This appeal arises from condemnation proceedings initiated by the Department of Transportation ("DOT"), acting for and in behalf of the State of Georgia, against property owned by appellees After the property was condemned, appellees filed a petition pursuant to OCGA 32-3-11
seeking to set aside, vacate and annul the declaration of taking together with any title acquired thereby. A second count was added to the complaint by amendment alleging trespass on the part of DOT and demanding actual and punitive damages. A hearing was held in the superior court, which entered an order containing detailed findings of fact and conclusions of law and holding that DOT's actions showed a pattern of bad faith and abuse and misuse of. powers as contemplated by OCGA 32-3-11
. On the issue of attorney fees, the court further held that appellees were entitled to costs and attorney fees as in all cases where a condemnation action is annulled under OCGA 32-3-11
DOT has brought a direct appeal from this judgment, although the second count of appellees' complaint remains pending and undetermined in the trial court, as there is no ruling on this issue in the record. " 'Where there is a case involving multiple . . . claims, a decision adjudicating fewer than all the claims . . . is not a final judgment. (Cit.) In such circumstances, there must be an express determination under OCGA 9-11-54
(b) . . . or there must be compliance with the requirements of OCGA 5-6-34
(b) . . Where neither of these code sections [is] followed . . , the appeal is premature and must be dismissed. (Cits.)' (Cit.) Because the appropriate appellate procedure was not followed in this multiple-claim case, the appeal must be dismissed." Patrick v. Glass, 188 Ga. App. 737 (374 SE2d 229) (1988)
. Compare Peeples v. City of Atlanta, 189 Ga. App. 888 (1) (377 SE2d 889) (1989)
CARLEY, Chief Judge, concurring specially.
Although I agree with the majority that, absent certification pursuant to OCGA 9-11-54
(b) or compliance with OCGA 5-6-34
(b), we have no jurisdiction over this appeal, I must write separately to emphasize that our holding should not be misconstrued as intimating that appellee-condemnees' pending trespass claim against appellant-condemnor has any potential viability in this condemnation action.
The original petition that was filed by appellees to set aside the declaration of taking did not initiate a new proceeding against appellant. Appellees' petition was filed in the context of the ongoing condemnation proceeding that had been initiated by appellant's declaration of taking. See OCGA 32-3-11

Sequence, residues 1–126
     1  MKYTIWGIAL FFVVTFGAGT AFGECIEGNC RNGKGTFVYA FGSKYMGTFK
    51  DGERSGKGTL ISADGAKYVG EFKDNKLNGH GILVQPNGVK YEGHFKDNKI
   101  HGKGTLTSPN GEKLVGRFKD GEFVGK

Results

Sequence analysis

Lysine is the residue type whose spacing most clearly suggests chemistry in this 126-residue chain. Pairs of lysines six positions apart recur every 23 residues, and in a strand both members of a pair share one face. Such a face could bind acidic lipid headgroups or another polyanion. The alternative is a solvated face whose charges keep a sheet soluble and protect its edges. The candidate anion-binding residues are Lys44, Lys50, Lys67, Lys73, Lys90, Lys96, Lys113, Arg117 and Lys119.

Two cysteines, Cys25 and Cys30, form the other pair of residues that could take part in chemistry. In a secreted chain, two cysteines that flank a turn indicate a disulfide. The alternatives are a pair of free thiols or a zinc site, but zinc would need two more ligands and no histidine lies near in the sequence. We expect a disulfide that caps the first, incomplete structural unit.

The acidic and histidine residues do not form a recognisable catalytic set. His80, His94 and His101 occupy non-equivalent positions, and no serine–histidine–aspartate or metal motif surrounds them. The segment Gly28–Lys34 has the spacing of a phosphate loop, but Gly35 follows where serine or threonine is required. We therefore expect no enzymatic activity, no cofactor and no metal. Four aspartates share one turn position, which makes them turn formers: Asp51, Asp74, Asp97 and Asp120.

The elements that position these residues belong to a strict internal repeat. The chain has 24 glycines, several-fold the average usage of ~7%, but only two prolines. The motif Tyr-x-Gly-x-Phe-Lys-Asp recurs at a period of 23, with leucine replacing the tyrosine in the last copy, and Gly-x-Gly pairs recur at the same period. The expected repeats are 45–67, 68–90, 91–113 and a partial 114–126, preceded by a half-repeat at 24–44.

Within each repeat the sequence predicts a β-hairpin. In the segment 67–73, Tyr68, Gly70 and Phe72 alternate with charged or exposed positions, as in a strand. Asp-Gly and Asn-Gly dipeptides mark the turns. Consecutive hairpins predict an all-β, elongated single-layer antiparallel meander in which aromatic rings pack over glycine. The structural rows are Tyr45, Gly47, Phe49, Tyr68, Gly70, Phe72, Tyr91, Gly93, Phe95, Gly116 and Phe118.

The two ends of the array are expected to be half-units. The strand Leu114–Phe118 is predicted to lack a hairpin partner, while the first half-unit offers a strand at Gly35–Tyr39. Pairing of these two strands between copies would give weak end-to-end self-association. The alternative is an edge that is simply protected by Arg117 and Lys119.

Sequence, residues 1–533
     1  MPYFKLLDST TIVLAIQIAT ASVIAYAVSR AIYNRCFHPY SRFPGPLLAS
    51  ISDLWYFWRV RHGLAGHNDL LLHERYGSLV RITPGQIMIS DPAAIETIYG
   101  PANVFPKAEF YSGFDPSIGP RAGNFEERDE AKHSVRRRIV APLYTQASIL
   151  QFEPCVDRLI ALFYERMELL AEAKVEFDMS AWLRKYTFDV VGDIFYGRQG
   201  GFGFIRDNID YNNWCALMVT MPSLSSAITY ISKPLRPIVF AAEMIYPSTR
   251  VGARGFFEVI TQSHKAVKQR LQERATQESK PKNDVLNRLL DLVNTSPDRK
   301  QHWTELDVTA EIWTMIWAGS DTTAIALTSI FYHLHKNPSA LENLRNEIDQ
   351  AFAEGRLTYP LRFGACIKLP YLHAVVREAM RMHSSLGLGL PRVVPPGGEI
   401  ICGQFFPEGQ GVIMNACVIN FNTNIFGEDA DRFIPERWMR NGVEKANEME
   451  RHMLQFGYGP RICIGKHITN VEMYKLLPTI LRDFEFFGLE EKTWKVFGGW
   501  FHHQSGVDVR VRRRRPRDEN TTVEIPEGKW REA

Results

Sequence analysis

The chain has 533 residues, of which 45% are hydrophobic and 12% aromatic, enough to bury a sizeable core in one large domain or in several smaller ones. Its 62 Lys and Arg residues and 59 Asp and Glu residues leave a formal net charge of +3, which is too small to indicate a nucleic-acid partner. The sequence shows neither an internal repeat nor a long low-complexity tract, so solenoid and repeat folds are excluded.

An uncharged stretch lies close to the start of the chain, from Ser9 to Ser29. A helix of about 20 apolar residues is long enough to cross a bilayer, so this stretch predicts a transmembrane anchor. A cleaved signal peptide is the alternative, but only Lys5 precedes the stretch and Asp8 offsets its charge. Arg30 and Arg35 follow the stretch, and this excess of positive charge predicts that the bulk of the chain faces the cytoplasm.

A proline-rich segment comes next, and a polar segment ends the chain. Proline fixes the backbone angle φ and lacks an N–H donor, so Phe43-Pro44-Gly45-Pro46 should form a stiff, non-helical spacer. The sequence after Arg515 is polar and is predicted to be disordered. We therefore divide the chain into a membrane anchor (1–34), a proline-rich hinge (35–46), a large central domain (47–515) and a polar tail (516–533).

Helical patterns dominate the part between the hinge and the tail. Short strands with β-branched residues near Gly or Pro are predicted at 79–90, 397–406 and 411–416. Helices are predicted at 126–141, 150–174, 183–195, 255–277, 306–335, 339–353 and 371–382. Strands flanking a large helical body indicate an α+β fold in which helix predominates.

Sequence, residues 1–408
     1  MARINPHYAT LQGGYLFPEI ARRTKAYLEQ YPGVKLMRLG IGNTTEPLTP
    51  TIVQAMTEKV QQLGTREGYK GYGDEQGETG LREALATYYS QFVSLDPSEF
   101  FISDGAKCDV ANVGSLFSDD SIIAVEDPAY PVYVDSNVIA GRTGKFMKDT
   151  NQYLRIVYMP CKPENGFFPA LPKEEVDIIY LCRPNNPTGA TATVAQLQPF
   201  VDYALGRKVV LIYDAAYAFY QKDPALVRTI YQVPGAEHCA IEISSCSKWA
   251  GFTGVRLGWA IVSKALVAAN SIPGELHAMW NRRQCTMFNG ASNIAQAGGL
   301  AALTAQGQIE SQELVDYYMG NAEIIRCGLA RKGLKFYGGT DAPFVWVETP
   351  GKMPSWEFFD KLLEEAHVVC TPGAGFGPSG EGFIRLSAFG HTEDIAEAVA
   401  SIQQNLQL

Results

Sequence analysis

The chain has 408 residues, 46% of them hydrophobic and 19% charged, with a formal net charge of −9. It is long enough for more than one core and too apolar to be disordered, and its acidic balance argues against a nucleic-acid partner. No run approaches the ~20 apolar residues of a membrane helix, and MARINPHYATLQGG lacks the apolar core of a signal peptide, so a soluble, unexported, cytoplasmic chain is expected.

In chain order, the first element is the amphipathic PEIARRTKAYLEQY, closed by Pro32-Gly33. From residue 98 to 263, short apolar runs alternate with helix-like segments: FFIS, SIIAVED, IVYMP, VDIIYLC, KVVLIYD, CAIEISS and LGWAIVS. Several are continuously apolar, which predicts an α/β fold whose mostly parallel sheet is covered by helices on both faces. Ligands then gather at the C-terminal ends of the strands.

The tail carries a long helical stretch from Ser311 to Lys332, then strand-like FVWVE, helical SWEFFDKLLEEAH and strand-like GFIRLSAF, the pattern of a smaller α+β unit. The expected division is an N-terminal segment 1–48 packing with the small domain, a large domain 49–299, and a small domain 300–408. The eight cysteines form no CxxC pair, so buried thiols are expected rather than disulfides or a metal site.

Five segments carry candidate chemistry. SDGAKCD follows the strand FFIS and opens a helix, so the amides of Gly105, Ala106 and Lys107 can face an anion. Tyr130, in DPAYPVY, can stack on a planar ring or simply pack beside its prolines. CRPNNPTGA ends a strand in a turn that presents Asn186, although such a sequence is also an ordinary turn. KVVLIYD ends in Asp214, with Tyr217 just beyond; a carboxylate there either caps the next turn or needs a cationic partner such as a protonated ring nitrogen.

(c). Nothing in the applicable provisions of OCGA 32-3-1
et seq. authorized appellees to amend their petition so as to assert, in the context of this condemnation proceeding, a counterclaim for tort damages against appellant. "All of the procedures outlined in OCGA 32-3-1
et seq., are geared exclusively towards answering questions relating to the propriety of the condemnation at hand or the value of the condemned land. Here [appellees' amendment to their petition to set aside] seeks [damages for appellant's alleged trespass]. As such, the subject of the [amendment to appellees' petition] lies outside the bounds of this type of condemnation action. . . . The legislature made no provisions for tort damages . . . in this type of condemnation action. . . . [T]he trial court's dismissal of [appellees' counterclaim for trespass damages is, therefore, mandated]." Brooks v. Dept. of Transp., 254 Ga. 60
, 62 (2, 3) (327 SE2d 175
Thus, the trial court's setting aside of the declaration of taking is not a "final" order in this condemnation action solely because of the "pendency" of appellees' procedurally nonviable counterclaim for trespass damages. However, this court has no jurisdiction to dismiss appellees' unauthorized counterclaim and nothing in OCGA 9-11-54
(b) and 5-6-34
(b) provides an exception for the case, such as this, wherein finality is absent solely because of a clearly unviable claim that is still pending in the trial court. Accordingly, I must concur in the dismissal of appellant's appeal, even though the direct appealability of the order setting aside the declaration of taking is dependent only upon the trial court's ultimate dismissal of appellees' totally unauthorized pending counterclaim.
Michael J. Bowers, Attorney General, H. Perry Michael, First Assistant Attorney General, Harrison W. Kohler, Deputy Attorney General, Roland F. Matson, Senior Assistant Attorney General, Thurman E. Duncan, for appellant.